Just like 'Henry: Portrait of a Serial Killer's' intense devotion to examining a despicable character Simon Killer exists to create discomfort for the viewer - putting us in the singular point of view of a psychopath, whom we only know as such by the film's title.
Simon Killer (2012) dir Antonio Campos
Starring: Brady Corbet, Mati Diop, Michael Abiteboul, Constance Rousseau, Lila Salet, Solo
By Alan Bacchus
Here, Simon (Brady Corbet) is more Tom Ripley than Henry, a charming rogue we know only from the lies he's been telling. Simon is introduced arriving in Paris where he is subletting a friend's apartment. After a breakup with his girlfriend, presumably because of her infidelity, he's ready to relax in the city of lights. He's immediately drawn to the red light district where he meets a stripper, gets a lap dance and a little bit more off the meter, and eventually forms a genuine relationship with the girl. Unfortunately, it's not an equal give-and-take. When he's not reciting his 'canned answers' and anecdotes, he's loafing on the relationship, moving into the girl’s flat, using her money and having crazy, crazy sex.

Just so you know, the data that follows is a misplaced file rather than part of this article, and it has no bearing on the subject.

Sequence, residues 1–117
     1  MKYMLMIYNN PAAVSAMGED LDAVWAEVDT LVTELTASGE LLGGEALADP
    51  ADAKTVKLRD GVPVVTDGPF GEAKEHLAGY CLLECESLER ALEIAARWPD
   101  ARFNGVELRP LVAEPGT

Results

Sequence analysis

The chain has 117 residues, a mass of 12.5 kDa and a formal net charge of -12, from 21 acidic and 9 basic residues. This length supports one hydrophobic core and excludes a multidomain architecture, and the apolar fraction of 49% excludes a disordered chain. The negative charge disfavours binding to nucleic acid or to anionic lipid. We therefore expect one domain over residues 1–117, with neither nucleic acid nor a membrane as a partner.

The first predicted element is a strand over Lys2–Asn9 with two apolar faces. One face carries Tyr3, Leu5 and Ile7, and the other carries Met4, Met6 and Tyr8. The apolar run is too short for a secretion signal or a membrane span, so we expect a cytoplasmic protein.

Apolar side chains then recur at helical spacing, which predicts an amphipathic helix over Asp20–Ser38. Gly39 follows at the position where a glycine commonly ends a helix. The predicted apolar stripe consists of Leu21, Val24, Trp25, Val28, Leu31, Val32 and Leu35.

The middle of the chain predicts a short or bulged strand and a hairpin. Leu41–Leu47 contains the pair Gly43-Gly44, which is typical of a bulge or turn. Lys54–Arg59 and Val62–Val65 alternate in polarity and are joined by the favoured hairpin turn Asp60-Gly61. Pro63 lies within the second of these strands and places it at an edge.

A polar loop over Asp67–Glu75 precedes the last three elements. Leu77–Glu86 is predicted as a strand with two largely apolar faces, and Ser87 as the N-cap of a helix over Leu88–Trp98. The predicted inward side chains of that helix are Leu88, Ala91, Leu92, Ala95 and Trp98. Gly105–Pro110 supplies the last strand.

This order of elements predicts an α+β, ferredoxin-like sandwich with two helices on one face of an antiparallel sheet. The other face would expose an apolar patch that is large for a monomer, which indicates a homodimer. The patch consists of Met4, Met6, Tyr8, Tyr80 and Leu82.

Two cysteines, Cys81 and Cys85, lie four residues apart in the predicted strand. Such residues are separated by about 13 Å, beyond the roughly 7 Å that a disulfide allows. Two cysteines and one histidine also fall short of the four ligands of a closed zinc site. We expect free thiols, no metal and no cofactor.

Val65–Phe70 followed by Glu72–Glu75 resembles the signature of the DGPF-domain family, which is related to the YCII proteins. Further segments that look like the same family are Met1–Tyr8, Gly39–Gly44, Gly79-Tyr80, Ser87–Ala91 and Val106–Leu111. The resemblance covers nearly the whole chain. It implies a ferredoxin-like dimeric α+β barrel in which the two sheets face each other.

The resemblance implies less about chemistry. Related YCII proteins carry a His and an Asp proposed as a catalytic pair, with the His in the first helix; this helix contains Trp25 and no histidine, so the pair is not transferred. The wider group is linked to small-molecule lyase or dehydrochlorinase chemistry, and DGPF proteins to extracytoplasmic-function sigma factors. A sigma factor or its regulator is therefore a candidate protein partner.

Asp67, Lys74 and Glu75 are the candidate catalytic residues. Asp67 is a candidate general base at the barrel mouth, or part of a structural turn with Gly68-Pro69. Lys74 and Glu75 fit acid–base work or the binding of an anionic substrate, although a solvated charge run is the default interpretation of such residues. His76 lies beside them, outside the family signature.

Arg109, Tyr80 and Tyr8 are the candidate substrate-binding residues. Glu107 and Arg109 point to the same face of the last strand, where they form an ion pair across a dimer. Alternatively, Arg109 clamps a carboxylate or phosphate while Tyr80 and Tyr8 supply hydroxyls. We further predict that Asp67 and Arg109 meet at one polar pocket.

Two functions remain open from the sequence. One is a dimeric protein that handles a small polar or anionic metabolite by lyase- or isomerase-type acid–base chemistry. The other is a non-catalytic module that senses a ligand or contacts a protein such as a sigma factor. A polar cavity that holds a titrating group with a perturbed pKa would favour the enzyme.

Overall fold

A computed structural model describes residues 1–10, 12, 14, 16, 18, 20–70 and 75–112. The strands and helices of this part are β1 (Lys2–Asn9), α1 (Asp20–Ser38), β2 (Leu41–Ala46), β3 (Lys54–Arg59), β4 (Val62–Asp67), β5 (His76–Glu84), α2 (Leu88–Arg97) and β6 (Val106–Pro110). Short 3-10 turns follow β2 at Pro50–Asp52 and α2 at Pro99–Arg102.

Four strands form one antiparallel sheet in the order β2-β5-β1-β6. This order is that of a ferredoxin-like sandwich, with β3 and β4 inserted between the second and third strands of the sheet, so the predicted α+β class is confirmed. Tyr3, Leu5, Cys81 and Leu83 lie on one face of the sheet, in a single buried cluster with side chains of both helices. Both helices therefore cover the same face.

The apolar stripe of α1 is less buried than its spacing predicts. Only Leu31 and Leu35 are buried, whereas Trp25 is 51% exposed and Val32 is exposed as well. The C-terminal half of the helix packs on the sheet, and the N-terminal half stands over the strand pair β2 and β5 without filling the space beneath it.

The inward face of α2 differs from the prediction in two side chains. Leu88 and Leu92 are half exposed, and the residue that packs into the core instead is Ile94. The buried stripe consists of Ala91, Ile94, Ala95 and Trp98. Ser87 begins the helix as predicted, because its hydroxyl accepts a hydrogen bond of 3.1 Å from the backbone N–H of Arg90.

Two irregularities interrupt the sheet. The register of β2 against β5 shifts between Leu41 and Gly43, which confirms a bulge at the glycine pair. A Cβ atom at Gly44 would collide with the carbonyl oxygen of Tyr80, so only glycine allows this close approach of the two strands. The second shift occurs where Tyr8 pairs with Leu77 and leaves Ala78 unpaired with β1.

Simon crosses the thin line of decency when he conspires to extort money from the girl’s clients. It's just the start of a long descent into the depths of despair and, eventually, violence.
Campos' directorial style is very conscious of itself, playing out many of the scenes using long, slow extended takes with untraditional coverage and trendy compositions. His musical choices, which capture the hypnotic effect of Parisian club music and new wave pop, add more cinematic hipness.
But this is Brady Corbet's film as much as it is Campos'. Campos rarely takes his camera away from Corbet, who exhibits the kind of naive charm and creepiness he showed in Michael Haneke's American Funny Games.
While the title is a bit of a misnomer, it certainly casts doubt on the intentions of the character. Simon is clearly a despicable human being. But like a car crash, it’s something we just can't take our eyes off.